BAP Ferré (DM-74)
HMS Decoy underway, c1953 (IWM)
|Builder||Yarrow and Co. Ltd, Glasgow|
|Laid down||22 September 1946|
|Launched||29 March 1949|
|Commissioned||28 April 1953|
|Fate||Sold to Peruvian Navy in 1969|
|Decommissioned||13 July 2007|
|Class and type||Daring-class destroyer|
|Length||121.6 m (399 ft)|
|Beam||13.1 m (43 ft)|
|Draught||5.5 m (18 ft)Error: has synonymous parameter (help)|
|Draft||4.6 m (15 ft)Error: has synonymous parameter (help)|
|Speed||32 knots (59 km/h)|
|Range||3,500 nautical miles (6,500 km) at 15 knots (28 km/h)|
|Complement||186 (18 officers)|
|Sensors and |
|Electronic warfare |
|Aviation facilities||Landing deck for 1 medium helicopter|
Decoy was one of six Daring-class destroyers ordered on 16 February 1945, which followed on from 10 ships ordered earlier. Eight of the 16 Darings were cancelled in December 1945, before they were laid down, but construction of the remaining eight ships continued, while three more were built by Australia.
Decoy was 390 feet 0 inches (118.87 m) long overall, 375 feet 0 inches (114.30 m) at the waterline and 366 feet 0 inches (111.56 m) between perpendiculars. She had a beam of 43 feet 0 inches (13.11 m) and a draught of 13 feet 0 inches (3.96 m) deep load. Displacement was 2,610 long tons (2,650 t) standard and 3,350 long tons (3,400 t) deep load. The ship was of part-welded construction (some of the Darings were fully welded, but Yarrow did not have facilities to build fully welded ships), and Aluminium was used for internal bulkheads, in one of the first uses of this material in Royal Navy ships. Two Babcock & Wilcox boilers supplied steam at 650 pounds per square inch (4,500,000 Pa) and 850 °F (454 °C) to two seats of English Electric double-reduction geared steam turbines, which in turn drove two propeller shafts. The machinery, which was laid out in the unit arrangement, was rated at 54,000 shaft horsepower (40,000 kW), giving a maximum speed of 34 knots (39 mph; 63 km/h).
The ship was armed with three twin QF 4.5-inch (113 mm) Mark VI dual purpose gun mounts, with a close-in anti-aircraft armament of three twin Bofors 40 mm mounts, with two stabilised STAAG mounts and one simpler, non-stabilised Mark V (or "Utility") mount. Two quintuple mounts for 21-inch (533 mm) torpedoes were carried, while anti-submarine armament consisted of a Squid anti-submarine mortar with 30 charges. 3⁄8 inch (9.5 mm) thick splinter armour was provided for the bridge, gun turrets and turret rings, while 1⁄4 inch (6.4 mm) plating protected cable runs.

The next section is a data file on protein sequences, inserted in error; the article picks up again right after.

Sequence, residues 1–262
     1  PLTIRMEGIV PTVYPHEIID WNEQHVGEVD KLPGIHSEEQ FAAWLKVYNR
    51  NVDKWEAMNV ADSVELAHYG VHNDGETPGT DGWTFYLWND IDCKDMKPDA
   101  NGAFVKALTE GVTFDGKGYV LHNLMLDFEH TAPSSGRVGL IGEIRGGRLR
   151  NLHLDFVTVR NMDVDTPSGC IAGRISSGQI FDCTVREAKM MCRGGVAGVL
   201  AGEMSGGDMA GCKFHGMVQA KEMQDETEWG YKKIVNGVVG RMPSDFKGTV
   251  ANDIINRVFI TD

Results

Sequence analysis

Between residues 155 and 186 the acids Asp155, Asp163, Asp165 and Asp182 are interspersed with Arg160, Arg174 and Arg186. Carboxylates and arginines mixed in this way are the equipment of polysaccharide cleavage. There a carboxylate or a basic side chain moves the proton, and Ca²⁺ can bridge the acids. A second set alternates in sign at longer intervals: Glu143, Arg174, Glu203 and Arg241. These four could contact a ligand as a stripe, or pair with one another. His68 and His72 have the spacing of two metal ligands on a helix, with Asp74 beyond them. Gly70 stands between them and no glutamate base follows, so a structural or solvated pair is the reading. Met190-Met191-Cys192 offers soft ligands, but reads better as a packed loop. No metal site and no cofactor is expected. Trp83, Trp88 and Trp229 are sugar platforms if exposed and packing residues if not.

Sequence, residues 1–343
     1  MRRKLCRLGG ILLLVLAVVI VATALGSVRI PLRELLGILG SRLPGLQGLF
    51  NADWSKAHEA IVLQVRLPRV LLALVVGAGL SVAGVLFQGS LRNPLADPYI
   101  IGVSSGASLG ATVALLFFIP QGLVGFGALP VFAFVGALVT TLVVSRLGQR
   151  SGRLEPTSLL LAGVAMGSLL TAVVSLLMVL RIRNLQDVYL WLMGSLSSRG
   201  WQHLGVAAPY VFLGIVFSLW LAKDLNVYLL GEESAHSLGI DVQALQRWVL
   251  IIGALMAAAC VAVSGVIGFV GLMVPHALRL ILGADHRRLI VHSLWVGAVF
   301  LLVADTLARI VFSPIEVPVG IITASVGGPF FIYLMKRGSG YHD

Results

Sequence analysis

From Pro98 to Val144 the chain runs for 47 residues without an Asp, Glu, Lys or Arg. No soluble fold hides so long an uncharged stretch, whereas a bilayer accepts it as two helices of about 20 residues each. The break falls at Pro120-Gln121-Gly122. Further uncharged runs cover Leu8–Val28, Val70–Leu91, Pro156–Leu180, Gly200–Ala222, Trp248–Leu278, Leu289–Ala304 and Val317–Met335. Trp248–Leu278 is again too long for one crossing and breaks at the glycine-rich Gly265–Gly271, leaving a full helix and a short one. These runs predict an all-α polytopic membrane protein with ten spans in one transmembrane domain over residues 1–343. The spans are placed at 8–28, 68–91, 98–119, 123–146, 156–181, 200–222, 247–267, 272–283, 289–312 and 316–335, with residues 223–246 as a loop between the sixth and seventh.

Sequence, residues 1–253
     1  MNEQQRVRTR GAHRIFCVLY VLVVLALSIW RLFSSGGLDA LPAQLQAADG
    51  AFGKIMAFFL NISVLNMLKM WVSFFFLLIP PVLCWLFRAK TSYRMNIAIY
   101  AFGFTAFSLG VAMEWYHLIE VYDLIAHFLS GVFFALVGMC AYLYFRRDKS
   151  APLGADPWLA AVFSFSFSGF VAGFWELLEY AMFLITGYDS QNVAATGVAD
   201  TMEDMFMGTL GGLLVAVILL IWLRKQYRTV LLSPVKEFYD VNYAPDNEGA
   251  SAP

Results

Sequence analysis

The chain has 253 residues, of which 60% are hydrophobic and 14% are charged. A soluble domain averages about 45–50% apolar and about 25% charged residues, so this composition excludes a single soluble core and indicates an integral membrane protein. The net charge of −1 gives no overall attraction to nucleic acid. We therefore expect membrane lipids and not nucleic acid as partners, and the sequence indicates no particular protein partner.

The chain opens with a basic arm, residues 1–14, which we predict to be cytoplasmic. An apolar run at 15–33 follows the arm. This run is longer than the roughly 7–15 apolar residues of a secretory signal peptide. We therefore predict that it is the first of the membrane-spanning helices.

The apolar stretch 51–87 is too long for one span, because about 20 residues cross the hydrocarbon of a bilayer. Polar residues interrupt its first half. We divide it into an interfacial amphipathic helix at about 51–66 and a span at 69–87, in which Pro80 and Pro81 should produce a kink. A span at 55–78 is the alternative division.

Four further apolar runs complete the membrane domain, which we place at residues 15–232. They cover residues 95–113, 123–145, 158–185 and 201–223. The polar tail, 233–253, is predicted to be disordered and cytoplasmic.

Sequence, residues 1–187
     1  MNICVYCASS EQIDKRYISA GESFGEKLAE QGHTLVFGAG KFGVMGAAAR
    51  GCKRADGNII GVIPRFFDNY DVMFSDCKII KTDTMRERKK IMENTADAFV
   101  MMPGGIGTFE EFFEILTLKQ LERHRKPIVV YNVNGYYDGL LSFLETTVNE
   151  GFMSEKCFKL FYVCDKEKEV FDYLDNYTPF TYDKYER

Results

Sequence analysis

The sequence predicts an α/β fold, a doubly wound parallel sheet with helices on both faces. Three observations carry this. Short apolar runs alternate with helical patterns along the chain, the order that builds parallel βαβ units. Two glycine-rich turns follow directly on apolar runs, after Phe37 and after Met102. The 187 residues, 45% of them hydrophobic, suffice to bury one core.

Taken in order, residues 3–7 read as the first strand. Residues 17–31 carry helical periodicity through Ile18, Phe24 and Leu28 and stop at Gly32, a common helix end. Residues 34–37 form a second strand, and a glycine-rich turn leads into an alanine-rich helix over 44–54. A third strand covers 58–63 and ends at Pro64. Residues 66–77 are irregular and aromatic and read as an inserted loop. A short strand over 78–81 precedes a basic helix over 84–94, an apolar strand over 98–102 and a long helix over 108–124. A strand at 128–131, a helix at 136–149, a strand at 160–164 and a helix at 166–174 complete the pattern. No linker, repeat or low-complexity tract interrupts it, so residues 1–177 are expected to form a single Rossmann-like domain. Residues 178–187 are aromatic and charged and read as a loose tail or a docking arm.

Within weeks of being first commissioned Decoy took part in the Fleet Review at Spithead to celebrate the Coronation of Queen Elizabeth II in 1953. In September 1954, Diana, along with the other three AC-powered Darings,[b] was deployed to the Mediterranean Fleet. In 1956 she formed part of the Royal Navy's force used during the Suez Operation. On 4 September 1957, she was run aground at Portland Harbour, Dorset, due to failure of her steering gear. Later that month, Decoy returned to the Mediterranean as part of the 5th Destroyer Squadron, remaining there until July 1958.
From 1960 to 1962 the destroyer undertook trials for the Royal Navy's new Sea Cat missile system, being fitted with a single quadruple launcher on the port rear side, which was removed at the end of the trials.
By 1966 she was in reserve and completed a long refit in Portsmouth Dockyard and recommissioned again on 15 August 1967 for a general service commission, which included the West Indies and the Far East. Before sailing she attended Portsmouth Navy Days in that year. In 1968 she escorted a Hong Kong-flagged ship to Gibraltar at the ship's Master's request after unrest.
|1953||1953||Captain R H Maurice DSO DSC RN|
|1956||1957||Captain Peter Hill-Norton RN|
|1957||1957||Captain F P Baker DSC RN|
|1960||1960||Captain E F Hamilton-Meikle MBE RN|
|1963||1963||Commander J K Stevens RN|
|1967||1967||Commander J R Symonds-Tayler RN|
|1967||1969||Commander J J Black RN|
After being decommissioned she was sold to Peru in 1969 together with her sister ship Diana. She was renamed after Diego Ferré, a war hero who died at the Battle of Angamos during the War of the Pacific.
- Rebuilding of the foremast for installation of the Plessey AWS-1 air-search radar
- Installation of eight Exocet MM-38 SSMs in place of the Close Range Blind Fire Director forward of X turret
- In 1975–76 the Squid ASW mortar was removed and a helicopter landing deck fitted
- In 1977–1978 two OTO Melara Twin 40L70 DARDO compact gun mountings were installed as was the AESN NA-10 gun fire-control system and an AESN RTN-10X fire-control radar
- "Peruvian Navy – Destroyers". The Searchers. 14 May 2020. Retrieved 3 March 2021.
- Friedman 2008, p. 330
- Friedman 2008, p. 127
- Marriott 1989, p. 88
- Lenton 1970, p. 76
- Marriott 1989, p. 94
- Friedman 2008, p. 318
- Lenton 1970, pp. 75–77
- Lenton 1970, p. 75
- Souvenir Programme, Coronation Review of the Fleet, Spithead, 15th June 1953, HMSO, Gale and Polden
- English 2008, p. 190
- "Destroyer Aground In Harbour". The Times (53938). London. 5 September 1957. col F, p. 2.
- Critchley 1982, p. 132
- Marriott 1989, pp. 91–92
- Leaflet, 1963. HMS Decoy, 21st Escort Squadron, HMSO
- Programme, Navy Days Portsmouth, 26th–28th August 1967, HMSO, p19.
- Geoffrey B, Mason (10 July 2011). "Royal Navy, including Administration, 1961-1970". Royal Navy post-World War 2. naval-history.net. Retrieved 30 August 2021.
- "USS Benham".
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- English, John (2008). Obdurate to Daring: British Fleet Destroyers 1941–45. Windsor, UK: World Ship Society. ISBN 978-0-9560769-0-8.
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- Sharpe, Richard, ed. (1990). Jane's Fighting Ships 1990–91. Jane's Information Group.